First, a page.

Gabo Guzzo's One-Of-A-Kind Handbags Merge Fashion, Jewelry, and Art
"It's not about consumption at any cost. It's about creating a relationship with the object."
Courtesy of Gabo Guzzo.
Gabo Guzzo considers himself an interdisciplinary designer whose specialty lies in merging art and fashion. He's also somewhat of a philosopher, at least that's my read on the man who began our chat at Bergdorf Goodman by handing me a thick, gold book he'd authored in 2015 titled "Precarious Perversions." On the back there is a Venn diagram. In one circle, six words: Indifference. Alienation. Predation. Freedom erosion. Camp. Abandonment. In the other circle: Emancipation. Bridging ties. Democracy. Spirituality. Happiness. "We must live somewhere in the middle," he tells me.
Guzzo, Italian born and Central Saint Martins graduated, carefully refers to his new collection of luxury handbags, his first foray into retail design, as a project. "My question was, how can I innovate the leather goods segment? How can I add value into design?" The answers: a triplet of one-of-a-kind handbag designs, which are being sold exclusively in a partnership with Bergdorf Goodman. There's the MILLEFOGLIE J., which starts at $4,450, featuring calfskin leather, lambskin lining, gold, palladium, and ruthenium metal hardware and a gemstone clasp. There's the MILLEFOGLIE, which starts at $4,950, which uses the same materials fashioned more triangularly. And then there's the SPINOSA, which starts at $7,500, featuring a sculptural, thorned handle that rivals the bag itself in size and awe.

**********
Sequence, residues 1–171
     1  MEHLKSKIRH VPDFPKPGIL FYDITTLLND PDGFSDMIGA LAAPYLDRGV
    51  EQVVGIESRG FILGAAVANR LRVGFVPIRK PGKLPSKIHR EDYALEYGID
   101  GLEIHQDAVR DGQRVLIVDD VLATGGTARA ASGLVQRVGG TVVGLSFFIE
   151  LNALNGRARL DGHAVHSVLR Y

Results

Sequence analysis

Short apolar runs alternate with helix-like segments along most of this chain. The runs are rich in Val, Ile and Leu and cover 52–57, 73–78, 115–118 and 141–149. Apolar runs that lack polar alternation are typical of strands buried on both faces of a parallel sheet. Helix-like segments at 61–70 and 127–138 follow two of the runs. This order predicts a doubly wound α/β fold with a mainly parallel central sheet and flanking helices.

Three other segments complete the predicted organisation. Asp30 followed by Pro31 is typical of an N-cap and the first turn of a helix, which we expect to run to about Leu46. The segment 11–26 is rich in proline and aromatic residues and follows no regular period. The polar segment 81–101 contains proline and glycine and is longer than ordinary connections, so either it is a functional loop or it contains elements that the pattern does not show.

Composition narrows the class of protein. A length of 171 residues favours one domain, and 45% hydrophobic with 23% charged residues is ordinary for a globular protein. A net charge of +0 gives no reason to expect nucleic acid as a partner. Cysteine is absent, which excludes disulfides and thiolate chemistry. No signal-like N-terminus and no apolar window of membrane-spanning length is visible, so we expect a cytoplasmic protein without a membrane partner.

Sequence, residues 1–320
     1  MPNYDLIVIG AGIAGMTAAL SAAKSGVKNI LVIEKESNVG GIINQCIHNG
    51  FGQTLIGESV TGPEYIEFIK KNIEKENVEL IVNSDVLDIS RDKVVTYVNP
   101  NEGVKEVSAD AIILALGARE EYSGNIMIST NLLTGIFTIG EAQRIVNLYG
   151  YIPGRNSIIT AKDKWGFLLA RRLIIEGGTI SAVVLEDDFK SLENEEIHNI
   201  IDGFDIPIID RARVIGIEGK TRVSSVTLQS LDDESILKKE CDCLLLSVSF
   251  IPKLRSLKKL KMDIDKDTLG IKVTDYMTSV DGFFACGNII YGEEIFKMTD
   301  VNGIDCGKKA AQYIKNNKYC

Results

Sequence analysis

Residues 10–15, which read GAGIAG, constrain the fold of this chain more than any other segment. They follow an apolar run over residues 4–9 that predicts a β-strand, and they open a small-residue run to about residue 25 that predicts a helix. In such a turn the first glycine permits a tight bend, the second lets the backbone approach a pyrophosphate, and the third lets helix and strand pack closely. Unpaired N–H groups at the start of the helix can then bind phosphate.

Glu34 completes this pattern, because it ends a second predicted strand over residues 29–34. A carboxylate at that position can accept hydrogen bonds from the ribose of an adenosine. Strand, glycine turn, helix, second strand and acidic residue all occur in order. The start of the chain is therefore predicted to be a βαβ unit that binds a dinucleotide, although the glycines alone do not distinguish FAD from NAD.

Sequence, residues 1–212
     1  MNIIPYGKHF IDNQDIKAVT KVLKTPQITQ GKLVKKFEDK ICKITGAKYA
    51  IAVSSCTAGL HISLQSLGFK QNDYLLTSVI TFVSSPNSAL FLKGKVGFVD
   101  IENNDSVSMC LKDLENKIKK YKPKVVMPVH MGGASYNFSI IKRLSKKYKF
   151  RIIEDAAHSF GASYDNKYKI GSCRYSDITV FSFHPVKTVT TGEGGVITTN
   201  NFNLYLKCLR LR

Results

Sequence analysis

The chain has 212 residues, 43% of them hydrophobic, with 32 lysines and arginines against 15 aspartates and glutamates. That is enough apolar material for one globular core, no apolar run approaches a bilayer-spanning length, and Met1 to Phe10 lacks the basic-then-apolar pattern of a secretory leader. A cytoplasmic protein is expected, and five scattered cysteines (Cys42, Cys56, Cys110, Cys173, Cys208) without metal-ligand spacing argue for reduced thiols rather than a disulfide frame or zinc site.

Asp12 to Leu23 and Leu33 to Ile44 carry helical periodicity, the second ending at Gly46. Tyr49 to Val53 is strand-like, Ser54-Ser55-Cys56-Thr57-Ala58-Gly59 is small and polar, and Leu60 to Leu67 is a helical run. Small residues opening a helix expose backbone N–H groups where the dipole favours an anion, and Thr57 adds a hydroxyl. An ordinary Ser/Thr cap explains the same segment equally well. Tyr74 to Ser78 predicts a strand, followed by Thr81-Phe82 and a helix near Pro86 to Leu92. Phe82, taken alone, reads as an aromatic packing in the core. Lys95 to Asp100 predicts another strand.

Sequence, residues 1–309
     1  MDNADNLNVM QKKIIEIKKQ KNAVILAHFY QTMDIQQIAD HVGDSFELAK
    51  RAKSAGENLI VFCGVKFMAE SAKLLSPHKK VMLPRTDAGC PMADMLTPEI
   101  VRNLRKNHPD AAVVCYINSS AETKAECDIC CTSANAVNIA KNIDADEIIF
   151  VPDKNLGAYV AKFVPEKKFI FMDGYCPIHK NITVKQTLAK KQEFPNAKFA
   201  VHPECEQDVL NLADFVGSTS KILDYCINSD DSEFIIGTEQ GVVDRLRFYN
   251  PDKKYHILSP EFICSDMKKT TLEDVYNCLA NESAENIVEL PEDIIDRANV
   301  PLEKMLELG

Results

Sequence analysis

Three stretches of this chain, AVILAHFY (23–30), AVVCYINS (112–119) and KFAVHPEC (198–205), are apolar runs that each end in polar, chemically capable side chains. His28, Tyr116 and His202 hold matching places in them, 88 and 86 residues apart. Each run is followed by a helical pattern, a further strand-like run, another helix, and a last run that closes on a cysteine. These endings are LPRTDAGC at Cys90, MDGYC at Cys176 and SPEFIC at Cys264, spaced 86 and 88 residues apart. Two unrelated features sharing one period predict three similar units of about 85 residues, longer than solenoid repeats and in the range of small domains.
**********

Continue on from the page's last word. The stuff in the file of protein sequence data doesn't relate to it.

"There was a very clear invitation for artists to go out of the gallery space and bring their message into daily life; closer to people," he says. "And so I thought let's do something with a concept of more art, less production; more creativity, more innovation, more respect for the customer who buys it and also the planet, using just the materials we need for each bag. It's not about consumption at any cost; It's about creating a relationship with the object."
He pays particular credit to the artisans who help bring the bag to life, explaining that their energy put forth in bringing the bag to life reverberates beyond the construction. It's almost as if Gabo sees the bags as living objects, with a frequency as alive as the human beings who clutch them. "I think a lot about my consumers. I don't really want to limit the purchase of those bags to some specific people, though I would love for them to have the kind of consumer that is cultural, philanthropic; people that have their own vision or goal in life. Something that's not just superficial. That's not the idea of my customer, one who just has money and wants to buy. I want to bring people products that contain a positive idea about the future."
Beyond that, Gabo seems particularly keen to revitalize interest in the genuinity of fashion as couture. "We talk about individualization about customization, actually it's sometimes just marketing slogans," he remarks. "What we are saying here is 'if you are unique, we have something unique for you.'"
Guzzo's handbags are currently being shown at a dedicated pop-up at Bergdorf Goodman now through April 6. For more info click here.